President Obama insists he will not prosecute CIA operatives who engaged in the Bush administration’s “enhanced interrogations” — although he recently released many of those authorizing “torture memos.” In doing so, he admitted they reveal “our losing our moral bearings” (the Washington Post, April 21).
Yet the president also decided not to urge an investigation of those lawyers and others who “legitimized” these techniques because that would “involve a host of very complicated issues.”
Mr. President, allow me to uncomplicate — for you and other interested Americans — the actual, specific U.S. laws and international treaties the CIA has systematically violated during interrogation of terrorism suspects. But weren’t the CIA operators acting with legal approval from the very top of the chain of command? On April 22, the Senate Armed Services Committee, after a very extended investigation, released an answer to that use of the Nuremberg Defense. (“We were following orders.”) “The fact is,” the report made clear, “that senior officials in the United States government solicited information on how to use aggressive techniques, redefined the law to create the appearance of their legality, and authorized their use against detainees.” There was never a lawful basis for torture.
This, therefore, is the first of an intermittent series on what these war crimes were, and under which laws. In citing violations of international treaties we have signed and ratified, I remind the president that under Article 6 of the U.S. Constitution, “all treaties made, or which shall be made, under Authority of the United States, shall be the supreme law of the land.”
To begin: The U.N. Convention Against Torture and Other Cruel, Inhuman Degrading Treatment or Punishment is the primary international law on torture. Signed by President Reagan in 1988, it was ratified by the Senate in 1994. It states: “Each State Party (signatory) shall ensure that all acts of torture are offenses under its criminal law.” We have done that in the U.S. War Crimes Act (1996) and the Torture Victims Protection Act (1991).
The Convention Against Torture adds — very significantly for the current debate — “No exceptional circumstances whatsoever, whether a state of war or a threat or war, internal political instability or any other public emergency, may be invoked as a justification of torture. … An order from a superior officer or a public authority may not be invoked as a justification of torture.” We also have signed the Geneva Conventions, Article 146 of which mandates that each contracting party “shall be under the obligation to search for persons alleged to have committed, or to have ordered to be committed, grave breaches [of the Geneva Conventions] — and shall bring such persons, regardless of their nationality, before its own courts.”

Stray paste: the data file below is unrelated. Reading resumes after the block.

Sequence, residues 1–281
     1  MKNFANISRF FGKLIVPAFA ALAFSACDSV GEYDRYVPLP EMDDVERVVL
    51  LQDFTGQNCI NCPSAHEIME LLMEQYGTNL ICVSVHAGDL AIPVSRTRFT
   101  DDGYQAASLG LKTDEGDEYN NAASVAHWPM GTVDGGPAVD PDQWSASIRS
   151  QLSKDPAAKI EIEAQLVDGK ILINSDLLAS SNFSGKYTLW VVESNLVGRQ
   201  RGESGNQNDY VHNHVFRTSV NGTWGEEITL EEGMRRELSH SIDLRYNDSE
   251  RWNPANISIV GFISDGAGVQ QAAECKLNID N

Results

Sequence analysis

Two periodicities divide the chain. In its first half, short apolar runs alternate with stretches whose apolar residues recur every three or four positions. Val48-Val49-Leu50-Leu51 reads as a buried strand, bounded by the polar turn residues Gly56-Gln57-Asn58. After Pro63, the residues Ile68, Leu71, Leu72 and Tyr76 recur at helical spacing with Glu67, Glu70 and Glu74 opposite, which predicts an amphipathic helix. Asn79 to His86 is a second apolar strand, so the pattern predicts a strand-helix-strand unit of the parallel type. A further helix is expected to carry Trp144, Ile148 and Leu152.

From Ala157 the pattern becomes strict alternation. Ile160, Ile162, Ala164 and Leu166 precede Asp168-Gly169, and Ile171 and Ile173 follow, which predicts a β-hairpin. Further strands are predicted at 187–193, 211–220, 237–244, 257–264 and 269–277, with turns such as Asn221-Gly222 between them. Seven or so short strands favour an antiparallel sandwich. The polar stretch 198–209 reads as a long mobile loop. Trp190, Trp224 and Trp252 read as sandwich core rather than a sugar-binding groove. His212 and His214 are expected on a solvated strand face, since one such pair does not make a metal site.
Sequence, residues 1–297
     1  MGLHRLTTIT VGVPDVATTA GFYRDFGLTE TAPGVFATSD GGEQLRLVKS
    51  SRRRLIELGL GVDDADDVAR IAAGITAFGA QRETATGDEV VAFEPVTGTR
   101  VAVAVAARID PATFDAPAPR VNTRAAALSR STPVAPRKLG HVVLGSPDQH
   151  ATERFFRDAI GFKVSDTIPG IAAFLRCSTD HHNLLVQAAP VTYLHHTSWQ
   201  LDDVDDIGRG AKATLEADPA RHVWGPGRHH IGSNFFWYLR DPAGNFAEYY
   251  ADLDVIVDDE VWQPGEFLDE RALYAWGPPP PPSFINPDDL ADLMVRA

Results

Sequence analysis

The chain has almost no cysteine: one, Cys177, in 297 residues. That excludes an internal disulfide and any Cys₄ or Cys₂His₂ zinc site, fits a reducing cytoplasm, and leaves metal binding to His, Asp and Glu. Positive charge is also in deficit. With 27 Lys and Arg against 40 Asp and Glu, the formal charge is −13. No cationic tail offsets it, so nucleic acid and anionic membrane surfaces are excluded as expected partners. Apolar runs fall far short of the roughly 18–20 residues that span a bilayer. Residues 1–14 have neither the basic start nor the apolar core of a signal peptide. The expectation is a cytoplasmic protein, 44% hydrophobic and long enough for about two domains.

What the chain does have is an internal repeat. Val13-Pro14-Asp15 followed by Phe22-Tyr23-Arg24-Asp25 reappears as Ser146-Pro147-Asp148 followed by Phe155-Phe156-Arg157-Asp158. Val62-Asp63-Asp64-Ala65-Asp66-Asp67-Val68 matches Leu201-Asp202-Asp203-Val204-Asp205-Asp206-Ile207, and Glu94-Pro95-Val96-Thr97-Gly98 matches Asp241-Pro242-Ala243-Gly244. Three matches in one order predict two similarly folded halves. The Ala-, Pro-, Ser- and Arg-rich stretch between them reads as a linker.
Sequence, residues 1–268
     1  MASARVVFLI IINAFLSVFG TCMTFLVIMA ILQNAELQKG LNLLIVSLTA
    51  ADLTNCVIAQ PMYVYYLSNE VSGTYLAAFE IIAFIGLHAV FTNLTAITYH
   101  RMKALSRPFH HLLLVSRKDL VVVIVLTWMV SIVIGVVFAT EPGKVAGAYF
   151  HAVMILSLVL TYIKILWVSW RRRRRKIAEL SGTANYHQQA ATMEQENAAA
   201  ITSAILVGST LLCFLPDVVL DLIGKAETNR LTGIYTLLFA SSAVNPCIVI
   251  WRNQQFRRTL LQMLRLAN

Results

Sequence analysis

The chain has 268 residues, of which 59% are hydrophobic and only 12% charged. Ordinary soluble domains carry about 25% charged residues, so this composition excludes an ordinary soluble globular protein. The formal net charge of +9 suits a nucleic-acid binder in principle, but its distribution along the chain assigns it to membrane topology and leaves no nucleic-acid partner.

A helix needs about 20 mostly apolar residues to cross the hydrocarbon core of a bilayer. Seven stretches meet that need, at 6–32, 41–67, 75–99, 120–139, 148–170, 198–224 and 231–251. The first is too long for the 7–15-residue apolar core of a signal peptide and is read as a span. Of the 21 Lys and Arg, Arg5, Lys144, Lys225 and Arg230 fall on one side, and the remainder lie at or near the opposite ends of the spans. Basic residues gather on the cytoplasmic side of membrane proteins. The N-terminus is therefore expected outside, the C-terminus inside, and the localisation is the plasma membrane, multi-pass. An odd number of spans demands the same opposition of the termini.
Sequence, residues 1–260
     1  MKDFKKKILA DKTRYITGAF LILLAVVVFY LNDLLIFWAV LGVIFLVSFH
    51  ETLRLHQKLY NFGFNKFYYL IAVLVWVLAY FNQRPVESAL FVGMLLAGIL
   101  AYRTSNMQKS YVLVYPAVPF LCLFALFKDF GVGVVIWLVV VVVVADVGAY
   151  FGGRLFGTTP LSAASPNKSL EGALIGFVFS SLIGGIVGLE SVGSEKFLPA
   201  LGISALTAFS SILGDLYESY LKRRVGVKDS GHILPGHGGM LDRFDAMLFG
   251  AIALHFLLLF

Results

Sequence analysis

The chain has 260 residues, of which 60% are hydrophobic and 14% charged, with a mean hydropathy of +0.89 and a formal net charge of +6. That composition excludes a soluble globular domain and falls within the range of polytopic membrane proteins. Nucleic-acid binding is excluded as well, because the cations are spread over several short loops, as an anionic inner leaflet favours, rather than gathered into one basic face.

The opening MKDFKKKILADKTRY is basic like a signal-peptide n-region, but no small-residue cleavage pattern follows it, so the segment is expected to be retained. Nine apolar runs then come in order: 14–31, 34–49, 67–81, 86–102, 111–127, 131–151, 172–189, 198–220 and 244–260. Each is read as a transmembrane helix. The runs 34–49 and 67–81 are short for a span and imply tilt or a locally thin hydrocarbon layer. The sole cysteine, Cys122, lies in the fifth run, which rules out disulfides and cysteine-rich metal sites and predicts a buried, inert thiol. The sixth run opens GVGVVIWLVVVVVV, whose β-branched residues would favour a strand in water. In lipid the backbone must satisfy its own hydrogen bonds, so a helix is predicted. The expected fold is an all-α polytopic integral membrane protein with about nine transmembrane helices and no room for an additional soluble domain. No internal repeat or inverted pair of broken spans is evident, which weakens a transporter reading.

You hear that, Mr. President? Moreover, Article 3 of the 1949 Geneva Conventions, which has been made part of our law, requires that any person — whether a prisoner of war, unprivileged belligerent, terrorist or noncombatant, is guaranteed freedom from “cruel treatment and torture” and “outrages upon personal dignity, in particular, humiliating and degrading treatment,” including denial of process in case of trial.
These guarantees, Mr. President, apply “in all circumstances” and “at any time and in any place whatsoever.” Maybe when professor Barack Obama was teaching constitutional law at the University of Chicago, he did not have occasion to teach a course in international treaties that have become embedded in U.S. law.
And former constitutional law litigator Glenn Greenwald (Salon, April 17) reminds us of the Charter of the International Tribunal at Nuremberg (Article 8), in which we were involved. “The fact that the Defendant acted pursuant to order of his Government or of a superior shall not free him from responsibility, but may be considered in mitigation of punishment if the Tribunal determines that justice so requires.” But there was a much‐praised tribunal at Nuremberg, and that defense didn’t work there.
With regard to the authorizing Justice Department lawyers who creatively invented ways to leap over these laws and treaties, International law professor Jordan J. Paust of the University of Houston — in his essential book Beyond the Law (Cambridge University Press) — documents that “not since the Nazi era have so many lawyers been so clearly involved in international crimes concerning the treatment and interrogation of persons detained during war … “[These were lawyers] directly advising how to deny protections in the future, [and such] denials are violations of the laws of war and [of] war crimes.” Mr. Paust adds: “The full truth about conspiratorial and complicit involvement, and the embrace of what [former] Vice President Cheney has correctly described as ‘the dark side,’ remains partly hidden.” But, Mr. Obama, more and more of the truth will break through because, as you said on April 16, “the United States is a nation of laws.” Yet you keep saying you prefer to “look forward and not engage in retribution.” Being believable again as a nation of laws is “retribution”?
As Rep. John Conyers, Michigan Democrat and chairman of the House Judiciary Committee, promises (the New York Times, April 18): “If our leaders are found to have violated the strict laws against torture, either by ordering those techniques without proper legal authority or by knowingly crafting fictions to justify the torture, they should be criminally prosecuted.”